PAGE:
This strategy paid off in 2014’s Burwell v. Hobby Lobby, where the Court insisted that the free exercise of religion entitled an employer to refuse to comply with an otherwise valid health insurance mandate that covered forms of birth control that some religious faithful believe—against the weight of scientific evidence—induce abortion. On top of all this, the number of groups that enjoy protection from discrimination is also growing, for both good and questionable reasons. As to the good, not-so-long ago “gay rights” were a new frontier of anti-discrimination law; today we refer to the “LGBT” community, which indicates both an expansion of the size of the group and the scope of legal protection due to it. With respect to the questionable, state and local anti-discrimination laws increasingly prohibit discrimination because of things like height and weight, and a growing chorus of voices advocate new laws outlawing discrimination based on “appearance”—a category that can include both inherited physical characteristics and freely chosen ones shaped by attire and grooming.
Many of these new civil rights protections make sense in isolation, but in combination they constitute a recipe for unresolvable conflicts of absolutes. Overly broad religious liberties will inevitably clash with LGBT rights and with women’s rights, as in Hobby Lobby. As for the project to prohibit “cultural discrimination”—which inspired and was in turn inspired by the aggressive expansion of expressive and religious liberty—it is downright incoherent: Law—including civil rights law—is the product and reflection of culture; therefore all law discriminates on the basis of culture, enforcing some cultural norms at the expense of others. In his majority opinion in Masterpiece Cakeshop, Justice Kennedy complained that the Commission’s decision to reject Phillips’s request for a religious exception to the state’s anti-discrimination law was “based on a negative normative evaluation of the particular justification for [Phillips’ refusal to make the wedding cake] . . . and the religious ground for it.” But because all legal prohibitions are based on “a negative normative evaluation” of the conduct the law prohibits, this objection is really no objection at all.
Anti-discrimination laws necessarily discriminate on the basis of attitudes and views. They condemn bigoted, intolerant, and exclusionary beliefs and punish those who would act on such beliefs. To be sure, what counts as bigoted, intolerant, and exclusionary has and will continue to change along with changes in our culture, but once society and the law settle on a norm—as we seem to have done with respect to same-sex couples—we should defend and enforce it unapologetically. It’s a sign of today’s embattled, confused, and uncertain liberalism that we would try to tolerate intolerance, include exclusion, and outlaw discrimination against discriminators.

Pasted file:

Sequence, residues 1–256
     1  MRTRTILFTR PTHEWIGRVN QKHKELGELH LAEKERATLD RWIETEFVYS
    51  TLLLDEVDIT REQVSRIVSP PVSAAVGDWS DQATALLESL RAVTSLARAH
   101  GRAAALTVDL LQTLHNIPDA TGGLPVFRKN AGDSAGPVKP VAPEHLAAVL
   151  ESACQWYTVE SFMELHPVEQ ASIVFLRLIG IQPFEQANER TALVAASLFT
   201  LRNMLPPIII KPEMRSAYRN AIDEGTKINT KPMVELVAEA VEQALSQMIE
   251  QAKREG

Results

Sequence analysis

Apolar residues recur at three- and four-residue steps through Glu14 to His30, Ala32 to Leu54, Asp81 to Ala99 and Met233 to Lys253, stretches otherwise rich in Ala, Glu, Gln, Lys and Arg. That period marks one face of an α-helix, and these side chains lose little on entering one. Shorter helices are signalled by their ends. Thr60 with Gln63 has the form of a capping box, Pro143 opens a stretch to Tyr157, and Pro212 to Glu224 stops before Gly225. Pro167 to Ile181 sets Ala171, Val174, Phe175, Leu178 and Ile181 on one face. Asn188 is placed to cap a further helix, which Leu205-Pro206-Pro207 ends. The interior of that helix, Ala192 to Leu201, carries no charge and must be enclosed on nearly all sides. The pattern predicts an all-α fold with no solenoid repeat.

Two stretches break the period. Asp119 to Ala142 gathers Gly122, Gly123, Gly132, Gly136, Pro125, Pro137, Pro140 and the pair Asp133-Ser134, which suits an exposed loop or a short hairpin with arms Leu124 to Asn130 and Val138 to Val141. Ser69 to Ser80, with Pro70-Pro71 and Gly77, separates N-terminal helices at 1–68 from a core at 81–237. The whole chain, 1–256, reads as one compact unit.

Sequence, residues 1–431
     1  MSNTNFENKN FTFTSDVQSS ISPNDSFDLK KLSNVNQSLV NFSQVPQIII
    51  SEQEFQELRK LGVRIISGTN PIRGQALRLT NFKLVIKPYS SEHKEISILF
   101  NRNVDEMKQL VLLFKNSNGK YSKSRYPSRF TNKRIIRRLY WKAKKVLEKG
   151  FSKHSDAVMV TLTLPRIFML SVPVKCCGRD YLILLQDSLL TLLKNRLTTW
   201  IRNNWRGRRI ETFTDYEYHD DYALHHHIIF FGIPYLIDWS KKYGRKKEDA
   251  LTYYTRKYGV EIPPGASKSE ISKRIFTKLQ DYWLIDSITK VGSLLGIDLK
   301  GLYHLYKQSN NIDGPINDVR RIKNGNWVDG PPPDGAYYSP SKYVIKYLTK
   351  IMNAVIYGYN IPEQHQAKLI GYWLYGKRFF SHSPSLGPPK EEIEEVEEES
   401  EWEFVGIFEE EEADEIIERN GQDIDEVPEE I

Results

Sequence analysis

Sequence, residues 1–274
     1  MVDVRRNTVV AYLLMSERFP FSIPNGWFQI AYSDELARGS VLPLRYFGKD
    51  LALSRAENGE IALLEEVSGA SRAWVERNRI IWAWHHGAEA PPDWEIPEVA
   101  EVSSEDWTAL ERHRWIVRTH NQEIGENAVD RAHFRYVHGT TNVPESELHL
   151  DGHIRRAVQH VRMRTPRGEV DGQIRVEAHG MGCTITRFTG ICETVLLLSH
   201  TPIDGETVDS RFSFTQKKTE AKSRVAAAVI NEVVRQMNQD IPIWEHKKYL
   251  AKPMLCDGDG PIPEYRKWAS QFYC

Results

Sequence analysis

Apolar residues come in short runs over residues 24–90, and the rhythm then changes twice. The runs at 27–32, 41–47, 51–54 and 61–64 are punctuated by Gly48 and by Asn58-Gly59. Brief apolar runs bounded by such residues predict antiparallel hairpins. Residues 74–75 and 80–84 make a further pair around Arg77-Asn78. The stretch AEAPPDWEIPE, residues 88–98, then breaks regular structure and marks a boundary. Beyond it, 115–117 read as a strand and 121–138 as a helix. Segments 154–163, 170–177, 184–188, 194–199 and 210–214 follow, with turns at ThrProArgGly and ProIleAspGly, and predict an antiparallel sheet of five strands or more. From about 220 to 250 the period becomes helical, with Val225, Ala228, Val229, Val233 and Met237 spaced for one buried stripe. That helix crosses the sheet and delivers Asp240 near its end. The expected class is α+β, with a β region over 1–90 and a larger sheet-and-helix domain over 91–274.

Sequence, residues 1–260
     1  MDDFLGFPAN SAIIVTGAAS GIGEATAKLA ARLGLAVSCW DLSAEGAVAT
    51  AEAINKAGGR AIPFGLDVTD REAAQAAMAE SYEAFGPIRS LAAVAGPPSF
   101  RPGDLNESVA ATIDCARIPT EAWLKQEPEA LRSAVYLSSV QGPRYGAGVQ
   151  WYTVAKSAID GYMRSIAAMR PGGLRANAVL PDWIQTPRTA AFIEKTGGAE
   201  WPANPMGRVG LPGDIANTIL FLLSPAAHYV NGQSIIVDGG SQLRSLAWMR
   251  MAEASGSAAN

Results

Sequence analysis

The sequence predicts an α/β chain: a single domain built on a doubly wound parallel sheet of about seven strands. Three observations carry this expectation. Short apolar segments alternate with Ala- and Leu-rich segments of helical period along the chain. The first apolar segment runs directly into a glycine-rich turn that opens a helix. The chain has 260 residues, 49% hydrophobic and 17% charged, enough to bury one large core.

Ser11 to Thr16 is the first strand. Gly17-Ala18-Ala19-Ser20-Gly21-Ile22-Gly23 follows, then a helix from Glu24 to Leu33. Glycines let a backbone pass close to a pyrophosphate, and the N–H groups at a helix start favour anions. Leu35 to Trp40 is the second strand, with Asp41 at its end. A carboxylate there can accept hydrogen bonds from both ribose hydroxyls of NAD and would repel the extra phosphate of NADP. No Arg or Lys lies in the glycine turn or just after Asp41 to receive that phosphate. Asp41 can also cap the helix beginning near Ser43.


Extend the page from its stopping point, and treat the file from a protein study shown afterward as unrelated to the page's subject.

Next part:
A resolute, coherent, and self-confident anti-discrimination norm requires that we define the scope of anti-discrimination rights both clearly and relatively narrowly, limiting civil rights protection to the most compelling cases. A good way to do this is to focus on the kinds of discrimination that reinforce deep and destructive social prejudices against vulnerable groups that are disadvantaged in the market and conventional majoritarian politics. This suggests greater protection for minority religions that suffer from stigma and stereotypes, such as Judaism and Islam; less for the religious majority—namely mainline and Evangelical Protestants (and I say this as the child of a Presbyterian minister.)
This doesn’t necessarily mean that Jack Phillips should be forced to bake cakes for same-sex nuptials. But if he shouldn’t, the reason can’t be that Colorado’s anti-discrimination law discriminates against discriminatory religious practices. It must be for more contingent, practical reasons. For instance, although University of Chicago Law Professor Richard Epstein has wrongly argued that religious liberty demands a broad, general exception to anti-discrimination laws, he makes a reasonable argument that in this case, with scores of other bakeries in town competing for Mr. Craig’s and Mr. Mullins’s business, they suffered little if any real injury—and after all, who wants someone theologically opposed to the union involved in their wedding?—while by contrast Phillips clearly had a sincere and personal religious motive for refusing to make a statement in favor of same-sex marriage (even if that statement took the form of a baked confection.)
But this is really a contextual weighing of costs and benefits disguised as an argument from first principles—it’s the kind of nuts-and-bolt analysis that rights talk, Constitutional law, and appellate courts can’t help us with. So it is with many of the normative and cultural conflicts now ill-advisedly fought out under the obfuscatory rubric of deontological rights. Anti-discrimination law doesn’t have to discriminate if we are discriminating in how and when we use it.